our King so poor and meek, the Son of Man, the Son of Holy Mary, our Brother, our Saviour, our Jesus, our God and our All!

B. Now, too, Sursum corda ! We must lift up our hearts; for during His Passiontide our Blessed Lord often reminds us that He will come again one day, not in His littleness and poverty, but as the King and Lord and Judge of all the living and the dead. If all the faithful on earth were joined to the Jews and Galileans at the Shusan Gate, all singing from their hearts the same Hosanna, that loud anthem would still give us no idea at all of the new Magnificat which the Blessed Mother will intone, and the heavenly choirs of angels and of men will take up and prolong when all is ended, when Judgment is done, and the King of Glory, followed by the countless hosts of His redeemed and sanctified, shall pass through the eternal gates into the Heavenly Jerusalem : The tabernacle of God with men (where) He will dwell with them : and they shall be His people, and God Himself with them shall be their God. And God shall wipe away all tears from their eyes : and death shall be no more, nor mourning, nor crying, nor sorrow shall be any more, for the former things are passed away (Apoc. xxi.).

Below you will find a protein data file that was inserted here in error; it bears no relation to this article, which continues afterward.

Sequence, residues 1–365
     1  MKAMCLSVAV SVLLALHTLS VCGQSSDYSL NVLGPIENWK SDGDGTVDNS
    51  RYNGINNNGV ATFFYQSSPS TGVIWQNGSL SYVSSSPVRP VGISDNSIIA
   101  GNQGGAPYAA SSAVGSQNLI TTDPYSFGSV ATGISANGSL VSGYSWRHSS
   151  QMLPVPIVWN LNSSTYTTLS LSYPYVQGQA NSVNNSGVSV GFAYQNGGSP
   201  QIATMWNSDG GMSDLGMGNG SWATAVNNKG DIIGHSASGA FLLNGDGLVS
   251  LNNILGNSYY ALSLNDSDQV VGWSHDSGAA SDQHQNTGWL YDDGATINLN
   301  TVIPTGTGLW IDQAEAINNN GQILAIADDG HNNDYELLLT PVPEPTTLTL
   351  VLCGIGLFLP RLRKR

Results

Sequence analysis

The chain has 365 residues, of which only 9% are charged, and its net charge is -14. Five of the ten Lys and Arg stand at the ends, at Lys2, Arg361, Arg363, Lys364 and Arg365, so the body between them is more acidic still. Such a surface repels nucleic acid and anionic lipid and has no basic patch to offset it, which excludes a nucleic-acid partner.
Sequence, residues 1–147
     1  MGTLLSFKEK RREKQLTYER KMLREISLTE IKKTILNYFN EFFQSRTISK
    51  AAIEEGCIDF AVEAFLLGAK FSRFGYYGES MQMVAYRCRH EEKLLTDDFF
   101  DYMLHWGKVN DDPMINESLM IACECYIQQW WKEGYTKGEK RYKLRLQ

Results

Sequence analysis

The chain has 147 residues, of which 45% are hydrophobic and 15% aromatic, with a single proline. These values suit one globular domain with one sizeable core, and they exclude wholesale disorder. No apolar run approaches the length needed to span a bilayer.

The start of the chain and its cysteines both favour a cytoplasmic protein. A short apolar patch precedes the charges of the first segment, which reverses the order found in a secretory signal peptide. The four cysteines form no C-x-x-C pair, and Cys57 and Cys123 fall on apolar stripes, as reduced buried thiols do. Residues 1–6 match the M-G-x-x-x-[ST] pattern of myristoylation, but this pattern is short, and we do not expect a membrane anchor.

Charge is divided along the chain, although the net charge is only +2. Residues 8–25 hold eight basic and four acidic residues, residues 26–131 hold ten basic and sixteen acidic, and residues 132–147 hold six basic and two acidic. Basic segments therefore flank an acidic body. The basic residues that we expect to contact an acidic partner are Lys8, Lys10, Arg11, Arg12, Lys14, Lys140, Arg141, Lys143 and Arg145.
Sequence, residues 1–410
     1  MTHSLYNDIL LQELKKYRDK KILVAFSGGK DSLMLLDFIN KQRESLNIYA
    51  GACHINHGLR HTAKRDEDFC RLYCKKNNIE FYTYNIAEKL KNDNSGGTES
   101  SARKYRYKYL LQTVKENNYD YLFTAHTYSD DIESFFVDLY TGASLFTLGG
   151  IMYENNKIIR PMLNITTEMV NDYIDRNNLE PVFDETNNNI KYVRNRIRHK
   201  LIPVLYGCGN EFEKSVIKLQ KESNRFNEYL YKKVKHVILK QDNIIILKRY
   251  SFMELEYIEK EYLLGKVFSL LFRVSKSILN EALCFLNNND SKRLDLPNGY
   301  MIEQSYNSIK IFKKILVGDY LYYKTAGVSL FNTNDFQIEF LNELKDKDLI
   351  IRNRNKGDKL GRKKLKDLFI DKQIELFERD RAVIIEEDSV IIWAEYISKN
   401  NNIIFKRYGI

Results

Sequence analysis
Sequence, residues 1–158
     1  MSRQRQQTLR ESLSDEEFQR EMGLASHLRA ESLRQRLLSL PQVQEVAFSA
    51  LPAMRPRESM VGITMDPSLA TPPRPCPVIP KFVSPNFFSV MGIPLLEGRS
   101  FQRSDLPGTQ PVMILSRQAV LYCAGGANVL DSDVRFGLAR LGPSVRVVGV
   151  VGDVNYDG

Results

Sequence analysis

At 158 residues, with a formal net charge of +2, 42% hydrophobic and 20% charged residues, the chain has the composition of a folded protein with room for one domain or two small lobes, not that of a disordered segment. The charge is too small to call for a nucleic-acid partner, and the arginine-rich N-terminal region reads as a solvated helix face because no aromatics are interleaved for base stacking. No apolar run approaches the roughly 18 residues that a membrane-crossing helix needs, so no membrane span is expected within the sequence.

Here on this earth, eye hath not seen what that pageant shall be ; ear hath not heard anything like that new song, Neither hath it entered into the heart of man what things, what manner of triumph the Eternal Father hath prepared for His Divine Son Who loved Him so well, and for all who have faithfully followed their Lord, and remained

with Him in His temptations (St. Luke xxiii.).

C. Here, too, we see in its true character the poverty of Christ Jesus; how He has nothing, but possesses all things. Silver and gold He hath none; but when was there ever on this earth emperor or conqueror so privileged as to have a triumph such as this one is ?

Let us observe, moreover, how while He sits so poor on the ass, His poverty is enriching many, and will to the end of time enrich many.

“ Poor Mother of a poor Son, Blessed Mother of a Blessed Son, pray for us that our hearts may learn to love this poverty so real, and yet enriching so many."

D. In this large multitude gathering on Mount Moriah we may distinguish three groups: the first, of those